three one-bit numbers, often written as A, B, and Cin; A and B are the operands,
and Cin is a bit carried in (in theory from a past addition). The circuit produces a
two-bit output sum typically represented by the signals Cout and S, where . The
one-bit full adder's truth table is:Inputs Outputs

A B Cin Cout S

0 0 0 0 0

1 0 0 0 1

0 1 0 0 1

1 1 0 1 0

0 0 1 0 1

1 0 1 1 0

0 1 1 1 0

1 1 1 1 1
xample full adder logic diagram; the AND and OR gates can be replaced with
NAND gates for the same results

A full adder can be implemented in many different ways such as with a custom
transistor-level circuit or composed of other gates.

In this implementation, the final OR gate before the carry-out output may be
replaced by an XOR gate without altering the resulting logic. Using only two types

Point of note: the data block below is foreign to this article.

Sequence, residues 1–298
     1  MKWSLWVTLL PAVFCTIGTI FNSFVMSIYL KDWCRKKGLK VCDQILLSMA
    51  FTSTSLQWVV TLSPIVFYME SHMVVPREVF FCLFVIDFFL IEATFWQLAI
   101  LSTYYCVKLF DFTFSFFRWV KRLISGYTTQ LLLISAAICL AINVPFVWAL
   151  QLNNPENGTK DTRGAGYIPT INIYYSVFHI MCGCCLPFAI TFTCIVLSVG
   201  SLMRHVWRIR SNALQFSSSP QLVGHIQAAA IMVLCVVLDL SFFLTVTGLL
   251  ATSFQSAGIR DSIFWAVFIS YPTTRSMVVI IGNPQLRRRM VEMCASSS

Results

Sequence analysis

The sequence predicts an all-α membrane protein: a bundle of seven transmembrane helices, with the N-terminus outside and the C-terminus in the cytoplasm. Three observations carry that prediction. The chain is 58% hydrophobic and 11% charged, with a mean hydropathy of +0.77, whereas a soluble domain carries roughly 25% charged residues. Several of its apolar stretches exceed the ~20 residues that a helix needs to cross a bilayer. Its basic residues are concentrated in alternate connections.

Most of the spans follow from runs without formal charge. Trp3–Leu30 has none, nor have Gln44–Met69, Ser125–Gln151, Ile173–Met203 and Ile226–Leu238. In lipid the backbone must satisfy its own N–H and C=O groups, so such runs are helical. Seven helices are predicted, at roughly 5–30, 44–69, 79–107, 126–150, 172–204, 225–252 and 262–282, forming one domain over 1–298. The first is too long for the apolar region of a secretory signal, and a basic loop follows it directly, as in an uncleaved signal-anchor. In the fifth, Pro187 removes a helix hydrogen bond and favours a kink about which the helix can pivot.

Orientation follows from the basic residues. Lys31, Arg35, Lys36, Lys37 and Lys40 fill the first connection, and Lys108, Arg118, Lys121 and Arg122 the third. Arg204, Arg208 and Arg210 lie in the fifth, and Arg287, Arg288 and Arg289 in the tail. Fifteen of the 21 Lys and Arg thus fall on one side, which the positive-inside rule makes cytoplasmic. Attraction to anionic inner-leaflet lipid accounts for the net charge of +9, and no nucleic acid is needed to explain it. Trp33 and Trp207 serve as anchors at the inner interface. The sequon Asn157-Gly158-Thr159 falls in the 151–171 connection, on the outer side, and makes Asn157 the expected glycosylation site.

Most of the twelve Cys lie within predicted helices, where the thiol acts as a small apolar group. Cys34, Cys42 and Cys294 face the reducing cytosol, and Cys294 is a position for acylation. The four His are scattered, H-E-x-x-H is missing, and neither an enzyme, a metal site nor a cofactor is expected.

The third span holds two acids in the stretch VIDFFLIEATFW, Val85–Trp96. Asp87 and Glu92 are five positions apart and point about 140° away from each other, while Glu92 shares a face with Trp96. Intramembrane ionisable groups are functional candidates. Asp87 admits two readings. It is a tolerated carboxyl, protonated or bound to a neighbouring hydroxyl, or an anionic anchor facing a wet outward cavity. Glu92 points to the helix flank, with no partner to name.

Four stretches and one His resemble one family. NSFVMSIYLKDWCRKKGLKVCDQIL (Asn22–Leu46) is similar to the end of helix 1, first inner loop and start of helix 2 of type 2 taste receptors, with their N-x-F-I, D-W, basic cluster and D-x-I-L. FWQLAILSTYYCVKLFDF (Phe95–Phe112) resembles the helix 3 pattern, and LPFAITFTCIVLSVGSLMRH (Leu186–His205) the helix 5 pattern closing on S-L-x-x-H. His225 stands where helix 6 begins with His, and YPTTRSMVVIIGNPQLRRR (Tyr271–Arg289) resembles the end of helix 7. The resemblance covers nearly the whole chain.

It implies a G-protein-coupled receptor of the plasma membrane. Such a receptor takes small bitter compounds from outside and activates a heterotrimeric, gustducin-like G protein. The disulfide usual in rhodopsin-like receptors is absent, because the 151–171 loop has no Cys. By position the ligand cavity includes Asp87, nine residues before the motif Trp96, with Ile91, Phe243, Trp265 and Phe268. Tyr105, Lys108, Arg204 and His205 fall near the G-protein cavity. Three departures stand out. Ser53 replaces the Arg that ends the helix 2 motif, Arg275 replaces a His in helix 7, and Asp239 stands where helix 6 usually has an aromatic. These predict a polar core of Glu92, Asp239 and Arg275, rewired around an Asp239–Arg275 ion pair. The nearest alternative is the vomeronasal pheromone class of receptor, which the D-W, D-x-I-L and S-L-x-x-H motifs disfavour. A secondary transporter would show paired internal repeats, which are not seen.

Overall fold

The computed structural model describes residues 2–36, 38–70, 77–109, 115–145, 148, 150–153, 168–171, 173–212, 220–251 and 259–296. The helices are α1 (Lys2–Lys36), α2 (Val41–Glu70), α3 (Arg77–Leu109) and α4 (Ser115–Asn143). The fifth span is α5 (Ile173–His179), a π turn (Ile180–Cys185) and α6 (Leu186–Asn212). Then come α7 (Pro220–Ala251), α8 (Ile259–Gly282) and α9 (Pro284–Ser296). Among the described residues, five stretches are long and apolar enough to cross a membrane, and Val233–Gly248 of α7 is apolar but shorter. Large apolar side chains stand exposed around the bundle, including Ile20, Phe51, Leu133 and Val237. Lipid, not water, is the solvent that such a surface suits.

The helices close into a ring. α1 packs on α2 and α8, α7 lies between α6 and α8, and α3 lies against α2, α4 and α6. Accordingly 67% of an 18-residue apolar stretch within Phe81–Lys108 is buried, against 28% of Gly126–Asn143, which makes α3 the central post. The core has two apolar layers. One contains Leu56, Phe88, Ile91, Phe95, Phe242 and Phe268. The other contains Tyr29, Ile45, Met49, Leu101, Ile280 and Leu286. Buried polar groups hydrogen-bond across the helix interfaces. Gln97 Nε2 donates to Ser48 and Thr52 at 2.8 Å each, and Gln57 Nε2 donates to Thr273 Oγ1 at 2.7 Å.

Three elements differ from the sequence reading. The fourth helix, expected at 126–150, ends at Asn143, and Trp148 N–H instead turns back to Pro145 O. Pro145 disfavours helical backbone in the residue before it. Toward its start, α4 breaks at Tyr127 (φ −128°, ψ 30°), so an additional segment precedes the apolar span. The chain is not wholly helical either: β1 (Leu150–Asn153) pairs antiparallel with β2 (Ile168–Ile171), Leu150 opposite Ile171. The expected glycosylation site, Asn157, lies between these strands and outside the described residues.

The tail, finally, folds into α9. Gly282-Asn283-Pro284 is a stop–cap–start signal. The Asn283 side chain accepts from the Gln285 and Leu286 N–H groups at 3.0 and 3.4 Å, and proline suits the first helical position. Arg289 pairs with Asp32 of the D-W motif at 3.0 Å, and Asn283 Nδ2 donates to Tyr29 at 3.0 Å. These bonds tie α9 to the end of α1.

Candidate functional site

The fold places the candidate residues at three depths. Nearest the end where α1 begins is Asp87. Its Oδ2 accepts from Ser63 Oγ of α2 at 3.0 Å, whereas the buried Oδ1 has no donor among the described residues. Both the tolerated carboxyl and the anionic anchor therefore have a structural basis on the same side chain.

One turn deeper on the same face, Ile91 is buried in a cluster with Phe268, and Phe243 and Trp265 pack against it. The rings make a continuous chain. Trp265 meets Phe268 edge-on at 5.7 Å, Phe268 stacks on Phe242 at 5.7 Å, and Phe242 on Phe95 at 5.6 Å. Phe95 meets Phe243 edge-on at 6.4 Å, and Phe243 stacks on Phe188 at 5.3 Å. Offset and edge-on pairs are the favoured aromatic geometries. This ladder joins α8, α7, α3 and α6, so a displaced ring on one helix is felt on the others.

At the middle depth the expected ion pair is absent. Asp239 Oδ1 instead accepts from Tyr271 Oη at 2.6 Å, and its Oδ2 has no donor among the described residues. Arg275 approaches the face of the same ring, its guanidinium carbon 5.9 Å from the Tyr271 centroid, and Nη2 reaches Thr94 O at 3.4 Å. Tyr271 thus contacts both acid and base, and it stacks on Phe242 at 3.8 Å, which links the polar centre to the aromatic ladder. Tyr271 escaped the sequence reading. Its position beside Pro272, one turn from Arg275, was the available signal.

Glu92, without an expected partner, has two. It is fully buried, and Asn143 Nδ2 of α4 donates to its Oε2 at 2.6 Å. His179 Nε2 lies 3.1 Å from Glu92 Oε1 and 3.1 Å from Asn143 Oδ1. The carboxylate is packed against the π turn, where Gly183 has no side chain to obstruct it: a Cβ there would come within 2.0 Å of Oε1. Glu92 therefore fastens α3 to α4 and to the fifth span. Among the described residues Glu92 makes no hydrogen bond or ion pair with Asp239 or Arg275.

of gates is convenient if the circuit is being implemented using simple IC chips
which contain only one gate type per chip. In this light, Cout can be implemented
as .

A full adder can be constructed from two half adders by connecting A and B to the
input of one half adder, connecting the sum from that to an input to the second
adder, connecting Ci to the other input and OR the two carry outputs. quivalently,
S could be made the three-bit XOR of A, B, and Ci, and Co could be made the
three-bit majority function of A, B, and Ci.
SCHMITT TRIGGR

In electronics, Schmitt trigger is a generic name of threshold circuits with positive


feedback having a loop gain > 1. The circuit is named "trigger" because the output
retains its value until the input changes sufficiently to trigger a change: in the non-
inverting configuration, when the input is higher than a certain chosen threshold,